ShareThis Page
Jessica Walliser

7 perennials to consider for adding color to gardens in late spring

Jessica Walliser
| Thursday, March 24, 2016, 8:55 p.m.
Siberian bugloss, Brunnera “Jack Frost”
Jessica Walliser
Siberian bugloss, Brunnera “Jack Frost”

Question: I'm interested in adding a few early-blooming perennials to my garden. I have a lot of color in the summer and fall, but there isn't much in bloom during April, May and June. Can you recommend a few of your favorite spring-blooming perennials? Both of my perennial beds get decent sun, especially in the spring before the leaves come out on the trees.

Answer: Creating a perennial garden with nonstop color is a challenge, especially if you tend to visit your local nursery only once or twice a year and buy whatever's in bloom. Instead, you should make a trip to the nursery many times throughout the gardening season. This will give you a better idea of what's in bloom at different times of the year.

Early spring in many gardens is filled with colorful, blooming bulbs, but when the daffodils and tulips fade, there isn't much color left until summer's arrival. Thankfully, there are plenty of perennials that fill this gap. The following seven perennials are in flower during April and May, and some keep going even into early June.

Basket of gold (Aurinia saxatilis) is a beautiful, bright-yellow perennial. The gray-green foliage hugs the ground and looks great at the front of a border. Preferring full sun, basket of gold does not like heavy clay soil, so be sure to plant it somewhere with good drainage. After the flowers fade, the foliage forms a nice, tight mound that's a mere 6 to 8 inches tall. A late spring haircut keeps basket of gold's growth dense and compact.

Columbines (Aquilegia spp.) provide a splash of color to the late spring garden, and the hummingbirds adore them. The long, spurred flowers of columbine come in a wide range of colors, from red and pink to purple and yellow. There are even a handful of double-petaled varieties. Columbine readily reseeds and makes a great cut flower. Plus, as an added bonus, the deer don't seem to be very fond of it.

Siberian bugloss (Brunnera macrophylla) has heart-shaped, fuzzy leaves and bears scores of tiny blue flowers every spring. The deer resistance of this plant makes it a good choice for many gardeners. Though it's in bloom for just a week or two, the plant's foliage adds lots of interest beyond the flowers. Bugloss reseeds easily but prefers to have partial shade during the summer months. There are several varieties with variegated foliage, including ‘Looking Glass' and ‘Jack Frost.'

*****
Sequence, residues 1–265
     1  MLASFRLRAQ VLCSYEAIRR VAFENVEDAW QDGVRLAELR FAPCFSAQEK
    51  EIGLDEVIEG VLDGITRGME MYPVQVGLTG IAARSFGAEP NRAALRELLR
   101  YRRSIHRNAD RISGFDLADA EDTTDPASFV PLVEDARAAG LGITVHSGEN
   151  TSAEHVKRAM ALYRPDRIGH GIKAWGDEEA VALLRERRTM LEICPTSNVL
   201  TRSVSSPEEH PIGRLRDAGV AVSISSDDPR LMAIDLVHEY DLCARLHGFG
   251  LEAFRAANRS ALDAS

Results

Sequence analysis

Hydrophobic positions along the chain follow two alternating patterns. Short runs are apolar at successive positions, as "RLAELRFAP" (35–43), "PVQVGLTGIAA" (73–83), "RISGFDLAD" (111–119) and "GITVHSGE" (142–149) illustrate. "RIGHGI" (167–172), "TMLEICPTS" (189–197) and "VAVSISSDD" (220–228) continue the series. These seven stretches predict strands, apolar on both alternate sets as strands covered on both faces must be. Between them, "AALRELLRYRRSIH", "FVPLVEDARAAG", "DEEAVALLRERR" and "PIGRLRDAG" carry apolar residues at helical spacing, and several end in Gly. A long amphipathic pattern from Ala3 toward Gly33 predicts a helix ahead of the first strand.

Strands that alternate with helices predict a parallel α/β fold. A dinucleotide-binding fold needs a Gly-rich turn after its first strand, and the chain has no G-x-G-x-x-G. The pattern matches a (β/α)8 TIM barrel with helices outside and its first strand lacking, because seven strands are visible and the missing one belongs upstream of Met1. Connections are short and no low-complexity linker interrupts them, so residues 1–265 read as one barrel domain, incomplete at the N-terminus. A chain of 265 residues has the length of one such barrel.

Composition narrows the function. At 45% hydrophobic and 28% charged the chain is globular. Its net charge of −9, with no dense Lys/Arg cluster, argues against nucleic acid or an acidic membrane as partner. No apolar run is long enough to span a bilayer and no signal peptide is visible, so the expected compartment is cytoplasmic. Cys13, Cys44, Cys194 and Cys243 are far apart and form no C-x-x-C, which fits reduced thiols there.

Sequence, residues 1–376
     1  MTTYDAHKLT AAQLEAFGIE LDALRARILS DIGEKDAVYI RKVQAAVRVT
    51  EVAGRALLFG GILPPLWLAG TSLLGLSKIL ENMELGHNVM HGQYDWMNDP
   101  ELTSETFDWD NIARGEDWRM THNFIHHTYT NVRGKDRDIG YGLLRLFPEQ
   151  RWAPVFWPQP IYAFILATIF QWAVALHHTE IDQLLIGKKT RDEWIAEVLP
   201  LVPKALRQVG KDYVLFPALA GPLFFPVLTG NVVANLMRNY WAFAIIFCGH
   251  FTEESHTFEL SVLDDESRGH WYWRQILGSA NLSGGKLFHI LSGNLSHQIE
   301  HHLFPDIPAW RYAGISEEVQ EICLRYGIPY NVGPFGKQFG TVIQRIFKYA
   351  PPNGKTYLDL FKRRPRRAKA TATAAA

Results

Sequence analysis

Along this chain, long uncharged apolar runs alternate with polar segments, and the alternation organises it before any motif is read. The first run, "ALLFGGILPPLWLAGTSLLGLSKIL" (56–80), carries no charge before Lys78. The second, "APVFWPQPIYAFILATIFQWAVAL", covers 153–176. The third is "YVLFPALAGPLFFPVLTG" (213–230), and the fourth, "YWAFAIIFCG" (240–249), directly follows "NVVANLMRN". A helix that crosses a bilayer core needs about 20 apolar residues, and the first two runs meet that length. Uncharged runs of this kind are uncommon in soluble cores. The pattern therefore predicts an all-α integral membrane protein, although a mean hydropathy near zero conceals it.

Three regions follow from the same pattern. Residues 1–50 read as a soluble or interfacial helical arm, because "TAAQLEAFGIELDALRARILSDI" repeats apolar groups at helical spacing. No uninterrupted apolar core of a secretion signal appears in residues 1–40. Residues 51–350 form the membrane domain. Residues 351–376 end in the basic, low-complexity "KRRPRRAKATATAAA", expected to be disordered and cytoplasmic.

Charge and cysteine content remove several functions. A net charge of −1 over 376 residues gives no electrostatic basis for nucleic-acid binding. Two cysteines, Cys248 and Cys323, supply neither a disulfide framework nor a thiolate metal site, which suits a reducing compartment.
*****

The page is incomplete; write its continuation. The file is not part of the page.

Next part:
Chameleon spurge (Euphorbia dulcis ‘Chameleon') is most noteworthy for its multihued foliage, but tiny flowers surrounded by greenish-yellow bracts appear every spring. Growing in a compact mound, the burgundy-purple foliage is gorgeous even when the plant isn't in flower. It looks terrific with chartreuse-foliaged hostas, heucheras, and many other plants. Like other euphorbias, ‘Chameleon' does terrific in dry sites and handles hot weather like a champ.

Siberian iris (Iris sibirica) is the less-popular cousin of the German bearded iris. Though its flowers are smaller than bearded iris, they are equally as beautiful. Clumps of 18-inch-tall, swordlike foliage are topped with bright blue, purple or white flowers late every spring. These iris shrug off our heavy clay soils and don't mind poorly drained sites. The foliage is more resistant to iris borer than bearded iris, and it's deer-resistant. Siberian iris do well in full to partial sun, and they require very little care.